From the first breath of thick warm air we took walking off the plane and down onto the tarmac at the Pohnpei International Airport, to the sweat pouring down our backs waiting interminably at the immigration counter, to the smells and sounds and sights that set in as we drove through the island capital, Kolonia, everything felt almost exactly the same as it was the first time I arrived here, way back in 2011. But the longer I’m in Pohnpei, the more it’s become apparent that even on this little island, a place hardly anyone has heard of, in the middle of nowhere, however slowly, change is happening.
A host of factors contribute to Pohnpei’s slow rate of change, principally its geographic isolation from western (or eastern, for that matter) influences. Vast swaths of ocean distance it from any major landmass, the closest of which being the northeastern coast of Australia, a mere 3100 km (almost 2000 miles, roughly the same distance across the United States) away to the south and 5000 km away from mainland Asia to the west. As a result of this solitude, the island retains much of its pre-colonization traditions and rituals, such as a high degree of communalism and it’s obsession with Sakau (kava). However, like many other remote Pacific islands, Pohnpei has been forced to engage with a number outside cultures over the last 100 or so years. The Spanish were the first to find its shores in the 16th century, but it wasn’t until 1889 that they claimed it as part of the Spanish East Indies. Shortly thereafter, as a result of the Spanish-American War, the Germans occupied it in 1899. With the signing of the Treaty of Versailles in 1919, ownership of the island was passed over to Japanese hands, and then as a result of yet another war, WWII, American occupation began. The country known as the Federated States of Micronesia finally gained its independence in 1986 but still relies heavily on the outside world for aid, vis a vis hundreds of millions of dollars per year from the Compact of Free Association with the US and fishing contracts with other nations. As such, Pohnpeian people and customs have become a fascinating assemblage of western, meets eastern, meets islander.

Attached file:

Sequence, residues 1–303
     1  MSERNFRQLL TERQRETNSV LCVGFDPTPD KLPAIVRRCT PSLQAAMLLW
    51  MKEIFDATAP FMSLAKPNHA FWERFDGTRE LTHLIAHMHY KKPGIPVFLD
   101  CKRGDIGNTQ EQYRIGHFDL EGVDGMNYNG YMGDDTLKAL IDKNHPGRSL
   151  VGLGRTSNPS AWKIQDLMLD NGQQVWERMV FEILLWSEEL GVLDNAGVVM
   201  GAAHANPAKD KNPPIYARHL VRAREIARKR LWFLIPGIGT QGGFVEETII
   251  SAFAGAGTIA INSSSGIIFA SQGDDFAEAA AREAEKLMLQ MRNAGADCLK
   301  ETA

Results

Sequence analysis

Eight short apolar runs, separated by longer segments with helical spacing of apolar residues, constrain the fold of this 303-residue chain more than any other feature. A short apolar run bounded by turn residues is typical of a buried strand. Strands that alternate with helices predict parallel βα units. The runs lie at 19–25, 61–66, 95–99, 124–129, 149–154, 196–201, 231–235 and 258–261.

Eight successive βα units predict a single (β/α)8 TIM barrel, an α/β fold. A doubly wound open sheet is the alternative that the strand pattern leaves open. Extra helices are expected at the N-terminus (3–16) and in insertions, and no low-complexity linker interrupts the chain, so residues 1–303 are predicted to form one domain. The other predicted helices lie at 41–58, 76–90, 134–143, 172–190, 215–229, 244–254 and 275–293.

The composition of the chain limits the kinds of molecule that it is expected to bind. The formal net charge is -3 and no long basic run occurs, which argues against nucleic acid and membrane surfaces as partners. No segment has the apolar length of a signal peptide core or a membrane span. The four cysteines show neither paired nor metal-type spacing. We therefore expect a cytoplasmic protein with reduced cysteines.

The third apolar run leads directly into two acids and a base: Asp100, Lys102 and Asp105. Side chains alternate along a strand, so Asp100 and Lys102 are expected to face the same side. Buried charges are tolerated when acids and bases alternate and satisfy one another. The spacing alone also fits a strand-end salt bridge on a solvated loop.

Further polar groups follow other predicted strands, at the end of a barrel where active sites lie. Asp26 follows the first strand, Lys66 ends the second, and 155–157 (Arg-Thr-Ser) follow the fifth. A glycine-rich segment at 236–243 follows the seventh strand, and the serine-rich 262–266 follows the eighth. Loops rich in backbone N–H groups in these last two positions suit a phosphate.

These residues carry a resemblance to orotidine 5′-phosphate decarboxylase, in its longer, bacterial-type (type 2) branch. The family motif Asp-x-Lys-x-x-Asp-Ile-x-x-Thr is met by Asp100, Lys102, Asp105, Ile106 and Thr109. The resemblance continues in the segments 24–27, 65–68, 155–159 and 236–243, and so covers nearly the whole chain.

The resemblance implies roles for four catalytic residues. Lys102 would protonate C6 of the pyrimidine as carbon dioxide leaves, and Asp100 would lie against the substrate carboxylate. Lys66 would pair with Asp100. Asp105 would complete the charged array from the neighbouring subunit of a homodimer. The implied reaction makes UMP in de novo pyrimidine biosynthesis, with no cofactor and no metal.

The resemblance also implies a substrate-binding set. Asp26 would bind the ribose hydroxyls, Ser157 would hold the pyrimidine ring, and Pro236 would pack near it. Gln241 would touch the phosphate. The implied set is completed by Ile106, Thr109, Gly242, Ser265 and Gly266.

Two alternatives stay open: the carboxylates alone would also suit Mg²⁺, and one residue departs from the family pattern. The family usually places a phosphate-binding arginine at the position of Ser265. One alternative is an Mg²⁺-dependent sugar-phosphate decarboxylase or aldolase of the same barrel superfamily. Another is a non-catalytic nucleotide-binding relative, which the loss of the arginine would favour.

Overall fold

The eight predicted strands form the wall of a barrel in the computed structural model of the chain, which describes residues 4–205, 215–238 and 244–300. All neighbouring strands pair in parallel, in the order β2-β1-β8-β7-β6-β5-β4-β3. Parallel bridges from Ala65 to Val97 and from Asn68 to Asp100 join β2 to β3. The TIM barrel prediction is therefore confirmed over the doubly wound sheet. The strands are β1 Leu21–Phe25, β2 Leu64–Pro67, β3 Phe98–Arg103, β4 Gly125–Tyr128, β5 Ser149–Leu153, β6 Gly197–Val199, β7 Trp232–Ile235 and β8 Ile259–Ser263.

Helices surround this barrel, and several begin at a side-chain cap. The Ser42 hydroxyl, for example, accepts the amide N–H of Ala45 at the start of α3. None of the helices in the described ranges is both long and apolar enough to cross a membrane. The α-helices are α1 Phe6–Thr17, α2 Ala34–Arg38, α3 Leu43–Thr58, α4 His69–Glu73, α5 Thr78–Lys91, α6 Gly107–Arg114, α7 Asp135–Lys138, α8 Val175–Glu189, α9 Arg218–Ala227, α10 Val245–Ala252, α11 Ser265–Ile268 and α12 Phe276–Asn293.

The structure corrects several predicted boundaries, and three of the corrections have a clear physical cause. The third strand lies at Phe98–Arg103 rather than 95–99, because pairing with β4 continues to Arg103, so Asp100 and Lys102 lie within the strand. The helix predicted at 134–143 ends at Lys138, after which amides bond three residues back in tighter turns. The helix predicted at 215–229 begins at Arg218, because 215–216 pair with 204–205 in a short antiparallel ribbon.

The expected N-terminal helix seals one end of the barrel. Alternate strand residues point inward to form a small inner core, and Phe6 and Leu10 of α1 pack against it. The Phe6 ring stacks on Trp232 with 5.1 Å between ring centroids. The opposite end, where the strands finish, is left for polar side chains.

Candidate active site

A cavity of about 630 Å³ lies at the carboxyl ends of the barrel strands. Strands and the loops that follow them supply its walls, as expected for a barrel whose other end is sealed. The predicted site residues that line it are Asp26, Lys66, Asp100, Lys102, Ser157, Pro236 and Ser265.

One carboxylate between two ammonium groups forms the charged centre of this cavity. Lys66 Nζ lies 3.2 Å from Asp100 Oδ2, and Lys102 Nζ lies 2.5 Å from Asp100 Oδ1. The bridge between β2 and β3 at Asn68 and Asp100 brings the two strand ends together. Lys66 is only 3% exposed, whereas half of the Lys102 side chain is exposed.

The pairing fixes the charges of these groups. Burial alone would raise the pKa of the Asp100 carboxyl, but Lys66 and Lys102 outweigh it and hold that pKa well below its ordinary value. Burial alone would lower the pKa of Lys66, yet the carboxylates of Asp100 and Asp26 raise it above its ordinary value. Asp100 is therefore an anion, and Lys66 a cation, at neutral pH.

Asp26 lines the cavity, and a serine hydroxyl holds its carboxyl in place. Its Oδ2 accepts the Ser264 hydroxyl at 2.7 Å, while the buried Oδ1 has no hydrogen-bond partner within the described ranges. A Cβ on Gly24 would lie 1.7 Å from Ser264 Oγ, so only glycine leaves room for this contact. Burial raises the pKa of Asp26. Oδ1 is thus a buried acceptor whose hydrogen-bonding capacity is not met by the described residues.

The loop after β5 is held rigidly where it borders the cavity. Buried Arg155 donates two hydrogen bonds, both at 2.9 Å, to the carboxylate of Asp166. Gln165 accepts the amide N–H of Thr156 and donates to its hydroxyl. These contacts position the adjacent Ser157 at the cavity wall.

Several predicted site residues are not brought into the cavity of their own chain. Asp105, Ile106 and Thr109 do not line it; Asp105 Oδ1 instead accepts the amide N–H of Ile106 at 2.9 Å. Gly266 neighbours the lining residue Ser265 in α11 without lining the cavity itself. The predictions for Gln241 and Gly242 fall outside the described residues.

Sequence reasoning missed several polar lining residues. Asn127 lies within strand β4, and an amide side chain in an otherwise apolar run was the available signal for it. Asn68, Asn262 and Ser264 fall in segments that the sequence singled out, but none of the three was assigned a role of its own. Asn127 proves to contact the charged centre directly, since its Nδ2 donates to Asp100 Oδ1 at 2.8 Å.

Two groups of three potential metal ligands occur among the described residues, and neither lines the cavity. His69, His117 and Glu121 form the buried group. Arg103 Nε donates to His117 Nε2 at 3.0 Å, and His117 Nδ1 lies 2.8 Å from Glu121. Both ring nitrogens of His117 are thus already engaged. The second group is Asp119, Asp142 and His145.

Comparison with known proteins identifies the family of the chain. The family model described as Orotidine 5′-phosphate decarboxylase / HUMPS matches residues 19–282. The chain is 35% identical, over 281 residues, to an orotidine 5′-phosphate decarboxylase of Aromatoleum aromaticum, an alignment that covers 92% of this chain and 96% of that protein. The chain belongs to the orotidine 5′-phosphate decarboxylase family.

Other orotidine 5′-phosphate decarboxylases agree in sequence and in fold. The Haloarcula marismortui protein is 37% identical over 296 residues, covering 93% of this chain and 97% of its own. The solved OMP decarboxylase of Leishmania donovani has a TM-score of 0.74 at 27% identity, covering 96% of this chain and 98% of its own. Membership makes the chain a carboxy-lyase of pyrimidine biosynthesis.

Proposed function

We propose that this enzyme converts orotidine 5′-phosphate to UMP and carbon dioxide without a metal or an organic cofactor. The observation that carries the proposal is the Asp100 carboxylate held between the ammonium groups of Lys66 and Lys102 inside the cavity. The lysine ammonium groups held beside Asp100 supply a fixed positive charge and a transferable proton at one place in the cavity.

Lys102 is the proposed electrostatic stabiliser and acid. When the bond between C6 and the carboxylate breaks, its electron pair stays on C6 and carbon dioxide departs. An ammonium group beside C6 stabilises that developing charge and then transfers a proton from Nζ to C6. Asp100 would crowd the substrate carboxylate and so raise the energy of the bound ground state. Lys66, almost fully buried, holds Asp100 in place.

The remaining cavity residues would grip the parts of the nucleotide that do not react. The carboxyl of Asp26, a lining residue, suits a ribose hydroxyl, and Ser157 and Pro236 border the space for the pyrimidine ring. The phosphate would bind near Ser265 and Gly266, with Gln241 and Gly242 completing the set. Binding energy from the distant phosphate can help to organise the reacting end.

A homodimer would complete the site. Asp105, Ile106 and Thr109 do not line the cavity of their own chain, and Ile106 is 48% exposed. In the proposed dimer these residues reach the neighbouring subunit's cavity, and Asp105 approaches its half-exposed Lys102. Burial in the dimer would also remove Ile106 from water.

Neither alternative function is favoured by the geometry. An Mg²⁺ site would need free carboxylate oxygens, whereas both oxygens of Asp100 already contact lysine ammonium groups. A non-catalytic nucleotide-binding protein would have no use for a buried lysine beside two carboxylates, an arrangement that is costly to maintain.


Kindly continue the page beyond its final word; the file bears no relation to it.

Since I was last there in 2012, the island is very much the same. Pohnpei still has the same enchanting jungles fed by some of the highest rainfall in the world, reaching nearly 200 inches per year in the drier areas and double that at it’s highest elevations. Those rains also endow Pohnpei with the same spectacular waterfalls it’s always had; for an island less than 10 miles wide, it has an unfathomable 37 charted waterfalls, with countless more simply unmapped. Moreover, the frequent and prolonged deluges engender a mangrove forest blanketing the island’s coastline, choking out any possibility for tropical beaches to draw tourists from afar. Yet, the water in the lagoon created by a coral reef haloing the island is the same beautiful water, still clear as glass, placid as a summer’s day, and still warm as only equatorial seas can be. Pohnpeian people are still the same Sakau loving, legend-has-it speaking, generous and warmhearted people they’ve always been as well. Much is the same in Pohnpei that has always been in Pohnpei, but some things are on the move.